Okanagan Valley, BC, Canada
Winemaking and Canada are not words that many people in the wine world associate together (with the exception of that scourge of Canada’s wine reputation, ice wine). But there are a few places that, geography would have it, produce world class wines. And it is all about the geography in the Okanagan. Stretching 250 km from south to north starting at the border with the United States, the Okanagan is the kind of geographic anomaly that is a winemakers dream. Soils of rock, sand and clay that result from glacial action and volcanic eruptions, a dry climate that is (in some cases) a literal desert, and sufficient summer heat to grow some of the most noble grapes in the world. Oh yeah - and it’s all set along a series of incredible lakes winding between beautiful mountain ramparts.
Where is the Okanagan Valley?
Set in the rocky mountains in the Province of British Columbia, the Okanagan Valley is a 4 hour drive east from Vancouver and is just across the US border from the State of Washington. There are a series of distinct winemaking regions, each with it’s own micro-climate as you travel from south to north. Near the city of Osoyoos on the US border, the climate is desert and this is one of the best places to grow Bordeaux varietals like Cabernet Sauvignon and Merlot and Rhône varietals like Syrah and Viognier. As you go north through the Black Sage Bench, the Golden Mile Bench, Okanagan Falls and on to the Naramata bench near the city of Penticton the climatic conditions and soil conditions vary to a great extent. The local regulatory authority, the BC Wine Authority, is examining the creation of individual recognized geographic appellations in addition to the few already in existence. Towards the major city of Kelowna and onwards to Lake Country the climate becomes distinctly cooler and varieties such as Riesling, Pinot Noir, Chardonnay and Gewurztraminer express themselves very well.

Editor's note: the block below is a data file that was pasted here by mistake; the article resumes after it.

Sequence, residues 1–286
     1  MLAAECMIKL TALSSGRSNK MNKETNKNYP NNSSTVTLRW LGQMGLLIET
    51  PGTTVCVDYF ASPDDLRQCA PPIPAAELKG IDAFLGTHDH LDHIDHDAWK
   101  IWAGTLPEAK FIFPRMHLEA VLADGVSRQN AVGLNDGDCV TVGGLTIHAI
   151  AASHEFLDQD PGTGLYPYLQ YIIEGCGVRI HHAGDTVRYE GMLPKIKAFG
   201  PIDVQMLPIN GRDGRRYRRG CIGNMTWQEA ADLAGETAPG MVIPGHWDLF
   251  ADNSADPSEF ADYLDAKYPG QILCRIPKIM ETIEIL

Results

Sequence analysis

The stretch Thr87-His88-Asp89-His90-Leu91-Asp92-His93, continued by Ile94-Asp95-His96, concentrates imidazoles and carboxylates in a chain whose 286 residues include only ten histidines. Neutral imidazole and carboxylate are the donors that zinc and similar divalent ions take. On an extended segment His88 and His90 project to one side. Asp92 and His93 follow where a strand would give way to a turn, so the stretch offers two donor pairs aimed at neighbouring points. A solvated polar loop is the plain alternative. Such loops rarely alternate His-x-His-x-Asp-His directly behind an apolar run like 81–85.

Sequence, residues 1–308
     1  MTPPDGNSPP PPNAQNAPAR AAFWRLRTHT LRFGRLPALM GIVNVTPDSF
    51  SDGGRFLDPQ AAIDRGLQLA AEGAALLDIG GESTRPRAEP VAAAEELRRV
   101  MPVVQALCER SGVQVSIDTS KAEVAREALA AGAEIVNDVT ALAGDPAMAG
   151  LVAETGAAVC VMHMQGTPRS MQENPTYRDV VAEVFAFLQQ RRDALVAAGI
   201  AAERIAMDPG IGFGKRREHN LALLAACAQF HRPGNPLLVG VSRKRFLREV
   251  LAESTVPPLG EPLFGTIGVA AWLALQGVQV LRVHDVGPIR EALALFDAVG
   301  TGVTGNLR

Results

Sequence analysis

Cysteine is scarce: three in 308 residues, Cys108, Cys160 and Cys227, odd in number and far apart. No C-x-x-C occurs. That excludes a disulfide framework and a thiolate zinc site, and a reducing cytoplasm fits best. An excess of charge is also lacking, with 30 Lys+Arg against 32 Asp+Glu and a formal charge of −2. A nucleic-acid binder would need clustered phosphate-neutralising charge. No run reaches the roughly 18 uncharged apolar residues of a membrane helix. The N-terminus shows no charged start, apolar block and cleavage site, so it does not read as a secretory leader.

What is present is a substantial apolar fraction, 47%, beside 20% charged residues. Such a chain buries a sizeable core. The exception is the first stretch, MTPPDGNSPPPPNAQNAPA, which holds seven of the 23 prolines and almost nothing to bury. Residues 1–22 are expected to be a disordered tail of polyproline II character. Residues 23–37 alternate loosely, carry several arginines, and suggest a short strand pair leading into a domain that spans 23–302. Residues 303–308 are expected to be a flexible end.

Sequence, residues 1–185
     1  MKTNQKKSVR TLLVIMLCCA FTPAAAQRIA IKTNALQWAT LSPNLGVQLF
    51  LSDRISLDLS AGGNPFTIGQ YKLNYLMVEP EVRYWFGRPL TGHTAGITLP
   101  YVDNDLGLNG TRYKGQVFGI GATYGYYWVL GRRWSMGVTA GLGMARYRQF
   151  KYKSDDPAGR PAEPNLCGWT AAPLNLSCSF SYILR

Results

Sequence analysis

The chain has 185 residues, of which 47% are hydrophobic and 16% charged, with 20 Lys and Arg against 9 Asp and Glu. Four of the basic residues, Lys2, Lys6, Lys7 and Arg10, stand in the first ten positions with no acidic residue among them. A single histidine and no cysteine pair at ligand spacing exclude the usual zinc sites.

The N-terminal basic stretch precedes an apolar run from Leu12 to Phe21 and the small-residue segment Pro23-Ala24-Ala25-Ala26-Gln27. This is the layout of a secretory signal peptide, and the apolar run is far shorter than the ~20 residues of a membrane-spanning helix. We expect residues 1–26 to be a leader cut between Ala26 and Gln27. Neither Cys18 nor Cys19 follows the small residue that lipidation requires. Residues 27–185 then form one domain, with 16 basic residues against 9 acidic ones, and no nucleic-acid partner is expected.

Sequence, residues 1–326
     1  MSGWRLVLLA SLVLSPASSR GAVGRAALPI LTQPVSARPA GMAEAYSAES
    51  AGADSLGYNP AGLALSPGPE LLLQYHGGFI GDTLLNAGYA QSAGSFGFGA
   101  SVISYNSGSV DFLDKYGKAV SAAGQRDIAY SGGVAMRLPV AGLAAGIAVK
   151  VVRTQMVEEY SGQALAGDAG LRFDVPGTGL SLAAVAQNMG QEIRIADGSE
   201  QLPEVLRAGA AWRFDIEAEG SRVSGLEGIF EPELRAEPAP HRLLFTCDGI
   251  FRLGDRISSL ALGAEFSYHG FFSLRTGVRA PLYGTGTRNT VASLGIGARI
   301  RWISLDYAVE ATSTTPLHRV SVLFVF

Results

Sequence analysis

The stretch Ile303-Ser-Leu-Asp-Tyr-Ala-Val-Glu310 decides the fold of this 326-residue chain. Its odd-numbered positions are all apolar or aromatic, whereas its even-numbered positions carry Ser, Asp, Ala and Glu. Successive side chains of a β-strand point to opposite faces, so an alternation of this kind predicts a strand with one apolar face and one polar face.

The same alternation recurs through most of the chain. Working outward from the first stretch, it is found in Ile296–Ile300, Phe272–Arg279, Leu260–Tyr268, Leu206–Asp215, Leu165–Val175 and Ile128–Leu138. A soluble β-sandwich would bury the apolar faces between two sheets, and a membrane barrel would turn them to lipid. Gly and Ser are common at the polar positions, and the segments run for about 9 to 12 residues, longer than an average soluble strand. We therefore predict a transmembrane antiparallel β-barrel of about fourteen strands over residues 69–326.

Why the Okanagan Valley for Wine
Little known fact: Often the best climate for winegrowing is a cool climate. Cool climates preserve some of the most important elements of wine grapes: fruit flavour, colour and acidity. The Okanagan is blessed with strong “diurnal” changes in temperature - so much so that some say the most important feature of the Okanagan is the warm days and cool nights. As Blue Mountain Winery’s Ian Mavety says: “Warm days with the bright sunshine result in ripe fruit character. The cool nights retain the acidity in the grapes, which just accentuates the fruit flavours and aromatics.”
Who are the Winemakers?
There are more than 160 wineries in the Okanagan Valley. Some of the best are: Quails’ Gate, Blue Mountain, Mooncurser, Maverick, Black Hills, Terravista, Tantalus, Tinhorn Creek, Laughing Stock, Tightrope. But that is just scratching the surface - you have to tour the valley to find your own favourite. There are wines for every budget - many are quite expensive.
When to Visit
The best times are in the late spring and early fall. July and August can be very busy. If you are a skier, then coming in winter might be a great way to combine your wine passion with some of the best skiing in the world.
Photos and maps courtesy of The BC Wine Institute.